Since its introduction in the late 2000s, omnichannel has hit buzzword status. For many years, retailers have been striving to give customers this seamless experience. It’s been a decade since Macy’s became the omnichannel poster child. At the time, omnichannel was dubbed the “future of retail.” But now, the future is here. Is the future still omnichannel? Or has its time come to fade into all those other innovations we forgot about?
Omnichannel: The Old Future of Retail
A decade later, it’s now clear that omnichannel did meet the predictions. With e-commerce still on the rise, using multiple channels is a consumer norm. Consumers shop online, offline, on mobile, everything. Today, the buzzword is just what consumers expect. Seamless is no longer something that’s nice to have, it’s what you need. So, where do we go from here?
As Forbes’ Michael Jones says, the old approach to omnichannel is dead. Customers don’t care about what you call it. They expect the seamless, easy browsing and shipping experience. As a result, obsessing over channels may do you more harm than good. The lines between said channels are starting to blur. As a result, it’s time for the walls to come down.
The New Future of Retail
Jones cites Walgreens as a stand out retailer in where cross-channel is going. As Walgreens’ David Sturrus says, customers don’t view them as e-commerce and brick-and-mortar stores. Customers just see them as Walgreen’s. For this reason, Walgreens puts their omnichannel focus on the customers, not the channels.
One example of Walgreens blurring the channel lines is with their mobile app. The app offers the typical product and location info, but it also connects with a third-party fitness tracker. Why would Walgreens do this? Well, they offer Balance Rewards to their shoppers for making healthy choices. It’s with strategies like this that they are combining physical and digital channels.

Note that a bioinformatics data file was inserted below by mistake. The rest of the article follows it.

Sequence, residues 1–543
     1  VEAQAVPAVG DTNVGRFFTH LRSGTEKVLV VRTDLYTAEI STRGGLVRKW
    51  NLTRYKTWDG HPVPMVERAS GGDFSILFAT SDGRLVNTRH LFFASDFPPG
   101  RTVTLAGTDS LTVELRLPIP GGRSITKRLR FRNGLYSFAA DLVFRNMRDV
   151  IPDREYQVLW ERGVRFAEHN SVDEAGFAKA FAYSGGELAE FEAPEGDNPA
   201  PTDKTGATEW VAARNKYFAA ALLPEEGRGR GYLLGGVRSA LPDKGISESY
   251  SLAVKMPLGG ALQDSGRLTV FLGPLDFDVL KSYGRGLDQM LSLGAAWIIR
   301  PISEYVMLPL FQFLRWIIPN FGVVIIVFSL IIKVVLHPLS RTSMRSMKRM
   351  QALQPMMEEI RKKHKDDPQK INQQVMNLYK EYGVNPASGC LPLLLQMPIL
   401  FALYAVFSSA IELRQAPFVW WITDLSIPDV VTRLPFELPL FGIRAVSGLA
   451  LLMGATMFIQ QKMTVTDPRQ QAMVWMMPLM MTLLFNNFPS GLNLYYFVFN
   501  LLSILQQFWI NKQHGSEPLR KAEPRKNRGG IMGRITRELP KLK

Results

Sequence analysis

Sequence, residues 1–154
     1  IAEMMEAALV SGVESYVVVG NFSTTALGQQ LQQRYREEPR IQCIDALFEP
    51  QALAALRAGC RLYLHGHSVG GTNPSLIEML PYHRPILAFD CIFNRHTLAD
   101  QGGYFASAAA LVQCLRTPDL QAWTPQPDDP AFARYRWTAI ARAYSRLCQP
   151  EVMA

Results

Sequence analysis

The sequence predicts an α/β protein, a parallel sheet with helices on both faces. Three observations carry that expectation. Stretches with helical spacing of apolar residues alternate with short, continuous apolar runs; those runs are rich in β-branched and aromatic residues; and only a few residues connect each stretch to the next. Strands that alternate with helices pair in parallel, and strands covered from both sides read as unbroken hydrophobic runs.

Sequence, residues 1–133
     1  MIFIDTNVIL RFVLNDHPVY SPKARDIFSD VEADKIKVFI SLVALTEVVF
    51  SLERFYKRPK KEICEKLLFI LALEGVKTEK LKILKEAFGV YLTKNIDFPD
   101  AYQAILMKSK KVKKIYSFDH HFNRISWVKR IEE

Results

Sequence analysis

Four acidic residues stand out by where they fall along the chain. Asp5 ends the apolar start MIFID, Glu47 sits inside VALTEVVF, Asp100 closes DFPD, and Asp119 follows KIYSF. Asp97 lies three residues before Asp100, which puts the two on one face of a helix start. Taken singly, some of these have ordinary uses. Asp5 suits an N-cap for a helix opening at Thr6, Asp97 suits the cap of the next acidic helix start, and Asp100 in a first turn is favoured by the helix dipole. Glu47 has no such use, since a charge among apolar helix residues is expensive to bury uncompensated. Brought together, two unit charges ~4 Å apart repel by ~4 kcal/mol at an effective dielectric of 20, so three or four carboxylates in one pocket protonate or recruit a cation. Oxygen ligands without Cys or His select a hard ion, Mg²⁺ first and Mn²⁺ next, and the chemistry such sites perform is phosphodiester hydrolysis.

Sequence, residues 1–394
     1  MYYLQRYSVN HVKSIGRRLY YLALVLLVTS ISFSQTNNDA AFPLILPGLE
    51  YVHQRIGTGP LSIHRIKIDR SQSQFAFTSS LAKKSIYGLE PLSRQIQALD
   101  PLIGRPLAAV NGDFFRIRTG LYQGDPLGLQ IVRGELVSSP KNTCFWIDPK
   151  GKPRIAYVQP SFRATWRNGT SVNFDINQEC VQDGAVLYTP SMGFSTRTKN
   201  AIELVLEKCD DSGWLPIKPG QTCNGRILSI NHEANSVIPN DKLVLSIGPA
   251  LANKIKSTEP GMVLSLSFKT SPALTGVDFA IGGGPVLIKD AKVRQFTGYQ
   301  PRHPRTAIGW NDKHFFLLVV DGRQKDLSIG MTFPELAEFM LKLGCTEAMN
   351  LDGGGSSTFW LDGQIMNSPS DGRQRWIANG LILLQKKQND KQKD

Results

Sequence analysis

Omnichannel was the response to customers shopping anywhere at any time. It pushed retailers to offer a seamless experience from channel to channel. But, it’s no longer about the specific channels. It’s time to open up this idea from shopping in multiple channels to shopping without boundaries. What can you do to remove barriers for your shoppers?
One way Target is doing this is with their showroom of online patio furniture. Customers come in to the physical showroom, browse, and ultimately place orders online. Target is finding new ways of engaging with shoppers, breaking down walls between channels.
It’s clear that the customer experience will be the future for omnichannel. Walgreens and Target are forgoing the channel focus and instead working to give customers what they want. Retailers should focus on improving this experience across all channels. As Cerasis says, it’s about unifying the experience not the operations.
In conclusion, as the world develops your cross-channel strategies will have to change with it. As channel lines blur, focusing on your customers and their demands is the key to staying ahead. Is omnichannel dead? No. It’s just evolving.